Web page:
1. Copy and size the patterns as desired.
2. Cut a 38” X 32” piece of both the printed fabric and the minky material.
3. Iron a piece of wonder under interfacing on the back of each fabric scrap you are using for the appliqué pieces; trace and cut out your pieces.
4. Peel the backing off of the wonder under and place your pattern pieces where you want on the minky material. Iron the pieces in place, being careful to not iron out the textured dots in the minky material.
5. Sew around each of the appliqué pieces using either a tight zig-zag stitch (as shown on the bird blanket) or an appliqué stitch (as shown on the butterfly blanket).
*I sewed the appliqué stitch about 1/8” from the edge of the butterflies to allow it to fray a little bit.
6. Thread an embroidery needle with three strands of floss (as shown on the bird blanket) or one strand of crewel wool (as shown on the butterfly blanket). Use a stem stitch to embroider both the butterfly antennae and the name.
*For stitching the name, I printed out the font I liked best and traced it onto the material.
* I found that embroidery floss worked much better than the crewel wool. But, if you're stubborn like me and love the aggravation of having to rethread your needle every 5 minutes, go right ahead.
7. With RIGHT sides together, sew around the edges of both the printed and minky fabrics, leaving about a 6” opening on one side to be able to turn the blanket.
8. Turn the blanket and topstitch around the edge of the blanket about 1/2” from the sides.
So, in celebration of the fact that I actually completed a project (or two) in spite of the fact that our kids interrupted me every 10 minutes while I worked, Joel and I are giving away one copy of his book, “Sewn Spaces.” If you would like to enter for a chance to win, leave a comment telling us your favorite baby gift to give, or receive. We’ll announce the winner on Monday, August 9th.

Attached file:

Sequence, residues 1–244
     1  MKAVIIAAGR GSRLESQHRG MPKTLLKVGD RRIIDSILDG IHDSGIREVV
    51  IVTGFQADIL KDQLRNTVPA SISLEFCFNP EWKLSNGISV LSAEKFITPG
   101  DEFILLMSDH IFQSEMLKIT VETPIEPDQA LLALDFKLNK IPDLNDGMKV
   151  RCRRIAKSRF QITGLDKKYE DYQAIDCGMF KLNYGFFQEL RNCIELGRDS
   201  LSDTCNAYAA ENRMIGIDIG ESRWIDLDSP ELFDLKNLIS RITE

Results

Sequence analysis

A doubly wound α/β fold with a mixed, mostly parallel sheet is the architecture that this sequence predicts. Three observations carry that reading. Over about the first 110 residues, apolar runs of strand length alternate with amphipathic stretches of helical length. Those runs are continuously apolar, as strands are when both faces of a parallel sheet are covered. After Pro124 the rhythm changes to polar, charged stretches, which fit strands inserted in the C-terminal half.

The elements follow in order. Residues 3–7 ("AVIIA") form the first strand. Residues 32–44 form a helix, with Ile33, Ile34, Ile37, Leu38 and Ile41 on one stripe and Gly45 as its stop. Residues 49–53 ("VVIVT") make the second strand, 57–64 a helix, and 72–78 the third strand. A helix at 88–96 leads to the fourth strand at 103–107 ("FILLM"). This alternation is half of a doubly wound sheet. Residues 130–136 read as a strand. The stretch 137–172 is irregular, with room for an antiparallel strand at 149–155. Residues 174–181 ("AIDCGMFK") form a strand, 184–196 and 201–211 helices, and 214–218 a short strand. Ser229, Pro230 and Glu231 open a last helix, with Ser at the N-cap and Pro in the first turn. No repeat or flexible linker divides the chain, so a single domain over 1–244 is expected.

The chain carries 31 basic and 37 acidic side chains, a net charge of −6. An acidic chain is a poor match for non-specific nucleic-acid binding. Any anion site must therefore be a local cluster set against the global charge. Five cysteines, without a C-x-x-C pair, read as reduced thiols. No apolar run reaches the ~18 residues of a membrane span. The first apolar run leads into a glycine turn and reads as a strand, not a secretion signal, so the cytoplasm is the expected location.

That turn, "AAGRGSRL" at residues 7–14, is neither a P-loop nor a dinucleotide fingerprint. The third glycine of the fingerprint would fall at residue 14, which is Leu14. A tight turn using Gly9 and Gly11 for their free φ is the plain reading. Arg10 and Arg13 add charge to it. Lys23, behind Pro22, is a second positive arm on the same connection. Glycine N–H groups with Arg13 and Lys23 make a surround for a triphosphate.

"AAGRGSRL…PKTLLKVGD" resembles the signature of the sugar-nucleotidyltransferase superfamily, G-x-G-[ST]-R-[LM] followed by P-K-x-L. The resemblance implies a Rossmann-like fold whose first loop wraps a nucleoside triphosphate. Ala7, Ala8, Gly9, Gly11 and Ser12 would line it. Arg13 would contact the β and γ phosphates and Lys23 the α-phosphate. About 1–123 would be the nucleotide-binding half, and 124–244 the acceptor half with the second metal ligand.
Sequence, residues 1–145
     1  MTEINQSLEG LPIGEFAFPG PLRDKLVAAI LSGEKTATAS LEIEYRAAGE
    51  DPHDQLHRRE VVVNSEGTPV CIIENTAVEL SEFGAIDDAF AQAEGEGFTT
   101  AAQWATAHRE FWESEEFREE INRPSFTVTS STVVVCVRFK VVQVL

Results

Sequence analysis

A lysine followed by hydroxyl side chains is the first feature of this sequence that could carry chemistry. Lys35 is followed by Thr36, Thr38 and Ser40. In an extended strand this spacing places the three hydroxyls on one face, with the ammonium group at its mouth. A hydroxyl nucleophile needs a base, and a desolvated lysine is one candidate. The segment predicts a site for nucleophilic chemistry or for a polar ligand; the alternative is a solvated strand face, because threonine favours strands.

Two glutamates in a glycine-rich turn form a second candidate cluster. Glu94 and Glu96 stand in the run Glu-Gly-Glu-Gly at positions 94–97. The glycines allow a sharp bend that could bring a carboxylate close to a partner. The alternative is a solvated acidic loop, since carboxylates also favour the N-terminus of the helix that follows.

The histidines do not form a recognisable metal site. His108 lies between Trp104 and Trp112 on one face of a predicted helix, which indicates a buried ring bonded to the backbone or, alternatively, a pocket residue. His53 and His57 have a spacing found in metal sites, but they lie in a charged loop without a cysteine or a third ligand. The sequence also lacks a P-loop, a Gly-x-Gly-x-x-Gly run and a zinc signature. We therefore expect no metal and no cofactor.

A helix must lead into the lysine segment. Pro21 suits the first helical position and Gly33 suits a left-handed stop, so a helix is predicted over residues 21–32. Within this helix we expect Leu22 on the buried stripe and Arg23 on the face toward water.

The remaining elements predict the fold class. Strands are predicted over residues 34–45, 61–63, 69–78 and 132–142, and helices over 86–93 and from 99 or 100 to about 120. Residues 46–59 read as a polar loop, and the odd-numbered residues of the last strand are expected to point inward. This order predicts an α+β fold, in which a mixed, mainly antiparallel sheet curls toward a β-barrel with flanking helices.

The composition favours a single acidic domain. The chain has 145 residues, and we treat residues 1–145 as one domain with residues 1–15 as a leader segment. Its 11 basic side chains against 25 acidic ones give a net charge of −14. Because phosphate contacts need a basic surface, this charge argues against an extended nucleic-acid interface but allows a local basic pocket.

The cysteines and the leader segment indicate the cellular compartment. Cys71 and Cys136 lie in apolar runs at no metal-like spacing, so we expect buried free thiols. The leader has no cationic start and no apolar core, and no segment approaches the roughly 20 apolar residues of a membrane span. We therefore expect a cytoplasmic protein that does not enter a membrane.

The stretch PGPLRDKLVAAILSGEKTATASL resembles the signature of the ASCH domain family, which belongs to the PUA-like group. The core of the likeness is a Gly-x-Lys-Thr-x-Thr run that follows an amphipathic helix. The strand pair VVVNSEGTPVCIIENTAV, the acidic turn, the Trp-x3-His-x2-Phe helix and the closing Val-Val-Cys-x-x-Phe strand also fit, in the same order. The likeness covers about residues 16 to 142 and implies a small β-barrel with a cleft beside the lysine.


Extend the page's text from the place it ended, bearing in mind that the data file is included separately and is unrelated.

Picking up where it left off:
Wednesday, June 30, 2010
In all our various roles, Joel and I are always seeking inspiration to do and be the best we can; this is why we decided to include the words "Live Inspired" at the end of every blog post. Inspiration comes in many different forms, is found in a variety of settings, and affects each person in a unique way. This past weekend Joel and I were inspired, in a WHOA kind of way.
We spent several days with our family in Idaho, Montana and Wyoming as we traveled throughout Yellowstone. I've visited Yellowstone before, but for Joel and our children, this was their first experience. All of us were in complete awe of the beauty that surrounded us those four days. I told Joel that Yellowstone had moved into the first-place spot on my list of favorite places. Ever. (Okay, so I haven't been to that many places, but I'm pretty confident it would remain high up on my list even if I were a well-traveled individual).
The scenery was absolutely breathtaking. Everywhere. My favorite spot of all though was The Grand Canyon of Yellowstone. We hiked down the lower falls lookout trail hoping for a good view of the waterfall. We didn't know it actually brings you right to the edge of the waterfall. It was a little bit freaky standing there with all that water plummeting 60 feet or so below us.
The Celestine Pool mesmerized us, until we found out several people have actually died in this spring. Maybe it looks just a little too inviting.